Why the hell do I do it this way? Well, I can't afford to hire a copy editor, proofer, or a creative editor. So, I give plenty of time between readings of the story. What happens is that I catch something to correct each time - something I didn't see the time before. This means it takes longer for me to get something out and published, but I know it's as good as I can make it when it does.

There you have it. That's my writing process. Nothing life altering...on the weekends, I spend about 16 hours (between Saturday and Sunday) sitting at my kitchen table trying to build my brand, promote my book, write my blog, write the next book, plus build a vanilla business. Ya know, so nothing much. 😉

About the author

Kayla Lords

I am an erotic author, sex blogger, podcaster, freelance writer, and an opinionated marketer. I'm also a masochistic babygirl submissive with an amazing and sadistic Daddy Dom. Welcome to my kinky corner of the internet!

8 Comments

  • We share a similar ideal, to show more real world type relationships which involve BDSM rather than the fantasy. I like to write about how people evolve from the beginning of that journey through to where they are now. This way you see their struggles and growth. I want people to see that it is about the relationships, not all about pain or sex or whatever skewed idea they may have, and that there isn’t anything wrong with them for wanting the things they do.

    Stella
    Xxx

  • It’s high time we connected! We have many mutual friends, and we both love to write about similar things! I like that you are so disciplined about your writing process… I’ve always been “as the mood hits me” person, but that is often and I generally write every day, time permitting. My best writing times are late evenings when my home is quiet. Some people need to read a book to wind down for bedtime; I have to write.

    I’m ready to put my work on Kindle, have been doing all the research, the formatting. Like you, can’t afford an editor but revise and edit myself… btw what is beta reader? The other issue I have is my cover art, not quite sure how to go about it.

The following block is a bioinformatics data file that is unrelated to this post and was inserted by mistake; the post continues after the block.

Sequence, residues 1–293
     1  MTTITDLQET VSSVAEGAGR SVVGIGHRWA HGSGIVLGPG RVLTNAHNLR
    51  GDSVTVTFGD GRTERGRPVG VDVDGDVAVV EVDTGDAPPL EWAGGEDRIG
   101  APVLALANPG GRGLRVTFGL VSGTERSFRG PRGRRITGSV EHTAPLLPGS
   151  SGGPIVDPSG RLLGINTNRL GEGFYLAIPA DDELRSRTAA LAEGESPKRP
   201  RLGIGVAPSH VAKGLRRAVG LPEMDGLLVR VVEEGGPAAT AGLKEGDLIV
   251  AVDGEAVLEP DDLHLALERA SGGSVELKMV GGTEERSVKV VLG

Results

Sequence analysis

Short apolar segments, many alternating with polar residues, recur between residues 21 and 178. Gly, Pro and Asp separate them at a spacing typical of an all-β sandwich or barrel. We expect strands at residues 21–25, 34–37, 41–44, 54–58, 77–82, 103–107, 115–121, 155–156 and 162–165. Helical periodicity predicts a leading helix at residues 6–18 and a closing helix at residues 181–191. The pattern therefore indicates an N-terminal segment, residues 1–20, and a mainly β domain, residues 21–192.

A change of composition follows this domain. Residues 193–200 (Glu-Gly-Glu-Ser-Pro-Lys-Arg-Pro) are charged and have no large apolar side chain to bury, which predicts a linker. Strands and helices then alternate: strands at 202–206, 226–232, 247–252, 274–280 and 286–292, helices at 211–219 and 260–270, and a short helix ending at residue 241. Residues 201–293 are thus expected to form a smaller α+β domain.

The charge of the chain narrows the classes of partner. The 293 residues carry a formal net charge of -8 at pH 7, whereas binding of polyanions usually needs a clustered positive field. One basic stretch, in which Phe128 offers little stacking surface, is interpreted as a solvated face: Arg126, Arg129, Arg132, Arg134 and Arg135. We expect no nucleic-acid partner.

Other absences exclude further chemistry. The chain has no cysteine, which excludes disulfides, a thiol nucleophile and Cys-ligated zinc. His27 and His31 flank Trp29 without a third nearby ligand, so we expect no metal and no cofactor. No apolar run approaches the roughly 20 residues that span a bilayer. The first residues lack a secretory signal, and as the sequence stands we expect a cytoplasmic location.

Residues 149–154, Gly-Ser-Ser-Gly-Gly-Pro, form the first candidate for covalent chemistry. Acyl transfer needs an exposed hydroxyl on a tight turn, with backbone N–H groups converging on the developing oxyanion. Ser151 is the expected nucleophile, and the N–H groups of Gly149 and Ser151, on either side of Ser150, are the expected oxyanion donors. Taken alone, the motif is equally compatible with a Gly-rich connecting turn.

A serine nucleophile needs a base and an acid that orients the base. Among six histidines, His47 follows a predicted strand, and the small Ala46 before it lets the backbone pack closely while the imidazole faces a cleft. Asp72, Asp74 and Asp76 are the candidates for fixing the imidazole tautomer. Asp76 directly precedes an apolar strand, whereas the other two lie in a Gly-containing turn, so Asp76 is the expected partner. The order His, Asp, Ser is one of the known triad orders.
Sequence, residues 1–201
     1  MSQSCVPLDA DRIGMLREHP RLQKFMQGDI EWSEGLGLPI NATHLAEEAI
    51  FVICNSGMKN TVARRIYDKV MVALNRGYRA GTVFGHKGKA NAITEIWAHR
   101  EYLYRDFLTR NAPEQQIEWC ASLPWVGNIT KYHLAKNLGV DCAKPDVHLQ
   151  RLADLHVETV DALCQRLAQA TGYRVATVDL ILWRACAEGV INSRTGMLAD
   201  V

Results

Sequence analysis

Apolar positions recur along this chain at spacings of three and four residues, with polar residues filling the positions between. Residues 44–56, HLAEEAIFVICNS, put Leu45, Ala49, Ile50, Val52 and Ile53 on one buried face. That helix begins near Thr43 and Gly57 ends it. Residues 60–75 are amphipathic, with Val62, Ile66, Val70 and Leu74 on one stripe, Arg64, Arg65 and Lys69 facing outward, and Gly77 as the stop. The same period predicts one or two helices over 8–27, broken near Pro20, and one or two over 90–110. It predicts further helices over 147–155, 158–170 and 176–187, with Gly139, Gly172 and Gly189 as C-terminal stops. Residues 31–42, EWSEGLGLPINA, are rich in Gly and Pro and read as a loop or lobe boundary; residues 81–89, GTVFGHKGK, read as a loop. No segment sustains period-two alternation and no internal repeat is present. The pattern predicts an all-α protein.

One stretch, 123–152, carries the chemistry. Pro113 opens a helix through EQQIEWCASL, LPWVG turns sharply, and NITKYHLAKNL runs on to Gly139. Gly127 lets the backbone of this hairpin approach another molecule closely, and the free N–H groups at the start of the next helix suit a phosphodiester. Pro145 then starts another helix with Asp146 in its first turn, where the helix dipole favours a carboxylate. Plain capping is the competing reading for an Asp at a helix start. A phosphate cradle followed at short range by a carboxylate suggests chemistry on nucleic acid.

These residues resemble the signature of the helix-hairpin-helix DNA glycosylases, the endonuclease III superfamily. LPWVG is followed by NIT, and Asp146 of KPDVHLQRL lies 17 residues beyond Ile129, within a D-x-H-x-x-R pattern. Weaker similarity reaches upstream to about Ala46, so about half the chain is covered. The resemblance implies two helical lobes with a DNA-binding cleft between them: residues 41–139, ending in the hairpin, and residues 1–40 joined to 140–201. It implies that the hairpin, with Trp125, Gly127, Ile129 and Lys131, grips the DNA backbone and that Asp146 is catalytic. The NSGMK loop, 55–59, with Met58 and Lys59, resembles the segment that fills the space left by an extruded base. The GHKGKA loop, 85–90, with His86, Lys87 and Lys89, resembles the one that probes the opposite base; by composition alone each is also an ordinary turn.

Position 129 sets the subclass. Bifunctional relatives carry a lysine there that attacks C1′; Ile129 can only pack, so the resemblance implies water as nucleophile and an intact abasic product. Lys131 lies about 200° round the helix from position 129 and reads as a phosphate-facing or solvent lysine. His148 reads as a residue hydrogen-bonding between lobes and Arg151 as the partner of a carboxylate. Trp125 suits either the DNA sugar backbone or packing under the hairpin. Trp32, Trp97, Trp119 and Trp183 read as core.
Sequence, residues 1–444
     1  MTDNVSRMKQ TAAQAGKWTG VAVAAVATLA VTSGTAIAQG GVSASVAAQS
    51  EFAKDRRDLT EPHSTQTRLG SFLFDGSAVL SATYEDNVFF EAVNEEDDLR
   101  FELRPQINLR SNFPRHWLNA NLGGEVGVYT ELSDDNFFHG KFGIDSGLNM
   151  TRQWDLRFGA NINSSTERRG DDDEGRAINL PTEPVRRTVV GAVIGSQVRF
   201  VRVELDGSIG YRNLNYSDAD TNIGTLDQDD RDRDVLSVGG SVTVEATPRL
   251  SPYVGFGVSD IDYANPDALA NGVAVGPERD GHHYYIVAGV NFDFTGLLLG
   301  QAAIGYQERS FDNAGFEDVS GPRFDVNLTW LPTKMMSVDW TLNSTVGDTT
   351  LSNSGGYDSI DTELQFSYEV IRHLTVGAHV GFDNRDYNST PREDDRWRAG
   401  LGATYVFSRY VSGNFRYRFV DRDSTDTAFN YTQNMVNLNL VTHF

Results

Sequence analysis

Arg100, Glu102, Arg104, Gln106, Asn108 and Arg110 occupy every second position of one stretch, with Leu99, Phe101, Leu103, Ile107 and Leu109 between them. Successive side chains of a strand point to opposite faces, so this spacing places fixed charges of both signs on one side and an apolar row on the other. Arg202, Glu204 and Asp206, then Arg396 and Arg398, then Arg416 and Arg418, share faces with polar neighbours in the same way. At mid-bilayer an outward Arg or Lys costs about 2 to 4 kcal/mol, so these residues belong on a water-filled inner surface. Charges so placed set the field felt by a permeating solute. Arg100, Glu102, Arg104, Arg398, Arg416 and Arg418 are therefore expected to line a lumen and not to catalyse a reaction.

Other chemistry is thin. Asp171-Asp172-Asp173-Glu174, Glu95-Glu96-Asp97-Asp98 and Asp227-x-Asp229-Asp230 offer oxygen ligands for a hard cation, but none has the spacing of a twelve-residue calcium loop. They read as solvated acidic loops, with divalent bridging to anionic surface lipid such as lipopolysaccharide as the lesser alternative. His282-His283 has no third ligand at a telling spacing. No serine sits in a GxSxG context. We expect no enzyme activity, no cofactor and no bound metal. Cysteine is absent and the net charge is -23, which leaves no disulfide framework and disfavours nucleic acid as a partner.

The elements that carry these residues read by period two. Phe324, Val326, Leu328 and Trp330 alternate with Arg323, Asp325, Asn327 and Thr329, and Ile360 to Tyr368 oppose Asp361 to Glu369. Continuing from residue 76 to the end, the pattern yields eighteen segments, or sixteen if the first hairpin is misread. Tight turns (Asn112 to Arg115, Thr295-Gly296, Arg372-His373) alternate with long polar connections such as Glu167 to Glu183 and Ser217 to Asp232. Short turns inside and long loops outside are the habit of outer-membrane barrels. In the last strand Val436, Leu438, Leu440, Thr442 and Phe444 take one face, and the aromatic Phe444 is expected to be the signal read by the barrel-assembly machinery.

Don’t know if you’ve ever been over to my blog, but hope you check it out someday!

    • Hello there!!

      I used to be a “when the mood strikes” writer, too. Once I decided to make it a business (of sorts), I changed. But I need to write more than I need to read (which is weird for me, since I used to be a big reader).

      Beta readers are people who volunteer to read your work and give you honest feedback and criticism. Every beta reader is a bit different. I have one person who finds my typos and helps clarify my thoughts. I have another who tells me what she thinks of the overall story and where there’s confusion. They are worth their weight in gold, and I always gift them with a free copy of the book once I publish it.

      Cover art can be expensive, but I’ve found a workaround. Purchase the picture (costs can vary depending on the site you use) from a stock image website (iStockPhoto, canstockimages, etc. – a Google search will give you plenty of options) and then go to fiverr.com. It’s a site where people offer their services for a minimum of $5. I find someone who makes e-book covers, send them the picture, the title, and the color scheme I want. For $5, I get a very simple cover that works just fine. 🙂 My last cover (for Sir and Babygirl) cost me a total of $30.

      And I’ve seen you around as well, so I’ll be checking you out very soon. Thanks for reading and commenting!